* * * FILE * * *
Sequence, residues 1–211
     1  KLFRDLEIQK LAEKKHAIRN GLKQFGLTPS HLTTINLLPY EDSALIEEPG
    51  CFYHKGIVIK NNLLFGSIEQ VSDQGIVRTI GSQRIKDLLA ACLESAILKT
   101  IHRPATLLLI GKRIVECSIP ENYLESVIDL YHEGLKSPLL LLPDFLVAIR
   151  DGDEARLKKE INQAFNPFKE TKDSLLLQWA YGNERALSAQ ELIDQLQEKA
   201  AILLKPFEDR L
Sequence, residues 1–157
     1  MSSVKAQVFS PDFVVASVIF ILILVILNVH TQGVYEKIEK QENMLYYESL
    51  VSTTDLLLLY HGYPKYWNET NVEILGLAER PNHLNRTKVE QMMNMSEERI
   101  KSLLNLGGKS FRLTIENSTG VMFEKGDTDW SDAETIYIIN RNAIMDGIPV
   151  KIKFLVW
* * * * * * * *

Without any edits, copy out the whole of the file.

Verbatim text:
Sequence, residues 1–211
     1  KLFRDLEIQK LAEKKHAIRN GLKQFGLTPS HLTTINLLPY EDSALIEEPG
    51  CFYHKGIVIK NNLLFGSIEQ VSDQGIVRTI GSQRIKDLLA ACLESAILKT
   101  IHRPATLLLI GKRIVECSIP ENYLESVIDL YHEGLKSPLL LLPDFLVAIR
   151  DGDEARLKKE INQAFNPFKE TKDSLLLQWA YGNERALSAQ ELIDQLQEKA
   201  AILLKPFEDR L
Sequence, residues 1–157
     1  MSSVKAQVFS PDFVVASVIF ILILVILNVH TQGVYEKIEK QENMLYYESL
    51  VSTTDLLLLY HGYPKYWNET NVEILGLAER PNHLNRTKVE QMMNMSEERI
   101  KSLLNLGGKS FRLTIENSTG VMFEKGDTDW SDAETIYIIN RNAIMDGIPV
   151  KIKFLVW